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Rural economy and farm income diversification in developing countries

  • Delgado, Christopher L.
  • Siamwalla, Ammar
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    Farm-level diversification, the adoption of alternative income-generating activities by farm households, is rarely deemed an explicit objective by economists. Where agricultural transformation has occurred, markets function well and agriculture is a waning portion of overall national product, such as the rice growing regions of Southeast Asia, farm diversification might be a desirable outcome of pursuing a market liberalization objective, but is probably not an end in itself. In Sub-Saharan Africa, where these conditions often do not hold, development depends on pro-actively commercializing rural areas. African farmers tend to diversify their production activities widely to mitigate risk, but to only produce one or two exportable commodities. High transaction costs are common barriers to diversification into new export opportunities, especially for the poor and less well-informed, who tend to fall behind during times of rapid structural change. Identifying appropriate rural institutions to incorporate rural people into new export opportunities is a major priority for relevant policy research; contract farming and participatory cooperatives offer promise and merit further study.

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    Paper provided by International Food Policy Research Institute (IFPRI) in its series MTID discussion papers with number 20.

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    Date of creation: 1997
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    Handle: RePEc:fpr:mtiddp:20
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    1. Lopez, Ramon E., 1984. "Estimating labor supply and production decisions of self-employed farm producers," European Economic Review, Elsevier, vol. 24(1), pages 61-82.
    2. de Janvry, Alain & Fafchamps, Marcel & Sadoulet, Elisabeth, 1991. "Peasant Household Behaviour with Missing Markets: Some Paradoxes Explained," Economic Journal, Royal Economic Society, vol. 101(409), pages 1400-417, November.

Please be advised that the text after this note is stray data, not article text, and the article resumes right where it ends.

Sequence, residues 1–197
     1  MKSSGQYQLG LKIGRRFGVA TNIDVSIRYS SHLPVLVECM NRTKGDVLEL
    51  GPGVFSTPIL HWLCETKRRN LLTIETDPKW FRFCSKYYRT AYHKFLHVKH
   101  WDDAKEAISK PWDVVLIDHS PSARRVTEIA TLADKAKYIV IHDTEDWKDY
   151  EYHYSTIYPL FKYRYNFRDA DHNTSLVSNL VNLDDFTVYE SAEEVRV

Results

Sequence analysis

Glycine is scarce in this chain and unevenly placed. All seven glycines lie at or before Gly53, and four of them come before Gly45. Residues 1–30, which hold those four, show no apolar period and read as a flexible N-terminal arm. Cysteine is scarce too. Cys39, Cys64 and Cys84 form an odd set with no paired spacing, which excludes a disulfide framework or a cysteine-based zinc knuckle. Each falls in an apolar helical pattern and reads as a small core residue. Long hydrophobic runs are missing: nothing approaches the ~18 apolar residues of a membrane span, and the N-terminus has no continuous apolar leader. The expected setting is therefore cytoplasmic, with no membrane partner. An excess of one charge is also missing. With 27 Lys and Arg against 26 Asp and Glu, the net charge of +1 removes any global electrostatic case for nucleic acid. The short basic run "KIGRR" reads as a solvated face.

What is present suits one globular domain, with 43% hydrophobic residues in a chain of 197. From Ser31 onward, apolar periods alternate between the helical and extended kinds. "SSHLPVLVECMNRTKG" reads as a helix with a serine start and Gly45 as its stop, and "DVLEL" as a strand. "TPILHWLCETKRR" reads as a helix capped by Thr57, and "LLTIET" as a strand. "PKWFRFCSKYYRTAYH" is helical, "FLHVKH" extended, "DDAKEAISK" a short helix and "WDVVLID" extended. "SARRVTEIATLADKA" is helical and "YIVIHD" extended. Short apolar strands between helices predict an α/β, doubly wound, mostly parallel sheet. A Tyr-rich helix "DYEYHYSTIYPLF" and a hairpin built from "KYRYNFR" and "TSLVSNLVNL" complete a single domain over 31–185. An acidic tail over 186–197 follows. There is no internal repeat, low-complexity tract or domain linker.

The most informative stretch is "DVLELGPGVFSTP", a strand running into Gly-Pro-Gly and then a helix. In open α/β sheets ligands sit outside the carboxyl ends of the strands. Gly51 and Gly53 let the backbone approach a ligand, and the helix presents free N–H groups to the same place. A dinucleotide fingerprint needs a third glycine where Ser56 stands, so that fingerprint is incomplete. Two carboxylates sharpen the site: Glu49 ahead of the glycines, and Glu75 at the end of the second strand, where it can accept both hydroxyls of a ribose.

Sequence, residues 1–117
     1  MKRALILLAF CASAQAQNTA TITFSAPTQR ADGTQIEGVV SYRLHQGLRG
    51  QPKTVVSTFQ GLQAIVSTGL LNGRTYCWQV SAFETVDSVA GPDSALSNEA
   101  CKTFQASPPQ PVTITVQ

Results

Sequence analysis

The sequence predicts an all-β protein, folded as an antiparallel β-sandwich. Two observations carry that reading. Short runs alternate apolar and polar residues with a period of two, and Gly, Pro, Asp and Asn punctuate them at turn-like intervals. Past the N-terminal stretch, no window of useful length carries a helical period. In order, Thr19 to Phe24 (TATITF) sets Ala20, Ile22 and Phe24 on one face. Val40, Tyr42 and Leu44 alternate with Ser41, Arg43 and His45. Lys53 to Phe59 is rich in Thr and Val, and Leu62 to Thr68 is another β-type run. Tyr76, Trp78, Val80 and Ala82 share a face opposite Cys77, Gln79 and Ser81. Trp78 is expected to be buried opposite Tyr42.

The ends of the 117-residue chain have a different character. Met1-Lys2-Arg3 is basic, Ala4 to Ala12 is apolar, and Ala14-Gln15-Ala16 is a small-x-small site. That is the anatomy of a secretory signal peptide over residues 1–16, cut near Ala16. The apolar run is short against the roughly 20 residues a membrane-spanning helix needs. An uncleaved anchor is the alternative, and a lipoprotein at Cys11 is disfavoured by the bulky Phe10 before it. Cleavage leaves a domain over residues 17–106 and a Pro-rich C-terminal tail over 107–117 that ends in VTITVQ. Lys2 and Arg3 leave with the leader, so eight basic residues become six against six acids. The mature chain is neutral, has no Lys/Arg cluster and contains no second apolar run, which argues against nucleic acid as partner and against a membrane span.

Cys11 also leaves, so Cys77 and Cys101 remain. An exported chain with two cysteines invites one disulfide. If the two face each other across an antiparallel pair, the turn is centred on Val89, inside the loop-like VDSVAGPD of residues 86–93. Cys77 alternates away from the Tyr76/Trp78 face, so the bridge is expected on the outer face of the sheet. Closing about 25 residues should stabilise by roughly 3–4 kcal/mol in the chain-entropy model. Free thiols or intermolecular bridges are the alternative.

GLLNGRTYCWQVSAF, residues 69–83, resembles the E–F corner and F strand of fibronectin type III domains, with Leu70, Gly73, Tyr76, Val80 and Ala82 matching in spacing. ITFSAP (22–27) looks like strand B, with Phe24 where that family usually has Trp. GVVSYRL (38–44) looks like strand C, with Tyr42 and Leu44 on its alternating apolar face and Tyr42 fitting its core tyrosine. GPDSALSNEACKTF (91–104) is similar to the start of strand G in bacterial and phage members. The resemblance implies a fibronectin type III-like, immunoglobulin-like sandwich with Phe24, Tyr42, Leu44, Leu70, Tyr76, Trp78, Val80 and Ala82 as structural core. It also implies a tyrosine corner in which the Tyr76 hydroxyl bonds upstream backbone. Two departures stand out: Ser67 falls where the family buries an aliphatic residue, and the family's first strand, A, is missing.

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    7. Hare, Denise, 1994. "Rural nonagricultural activities and their impact on the distribution of income: Evidence from farm households in Southern China," China Economic Review, Elsevier, vol. 5(1), pages 59-82.
    8. Adams, Richard H. Jr. & He, Jane J., 1995. "Sources of income inequality and poverty in rural Pakistan:," Research reports 102, International Food Policy Research Institute (IFPRI).
    9. Reardon, Thomas & Matlon, Peter & Delgado, Christopher, 1988. "Coping with household-level food insecurity in drought-affected areas of Burkina Faso," World Development, Elsevier, vol. 16(9), pages 1065-1074, September.
    10. Minot, Nicholas, 1986. "Contract Farming and Its Effect on Small Farmers in Less Developed Countries," Food Security International Development Working Papers 54740, Michigan State University, Department of Agricultural, Food, and Resource Economics.
    11. Staal, Steven & Delgado, Christopher & Nicholson, Charles, 1997. "Smallholder dairying under transactions costs in East Africa," World Development, Elsevier, vol. 25(5), pages 779-794, May.
    12. Craig L Infanger, 1993. "The Agrarian Origins of Commerce and Industry, A Study of Peasant Marketing in Indonesia," Comparative Economic Studies, Palgrave Macmillan, vol. 35(2), pages 60-62, July.
    13. Delgado, Christopher L., 1995. "Agricultural diversification and export promotion in sub-Saharan Africa," Food Policy, Elsevier, vol. 20(3), pages 225-243, June.
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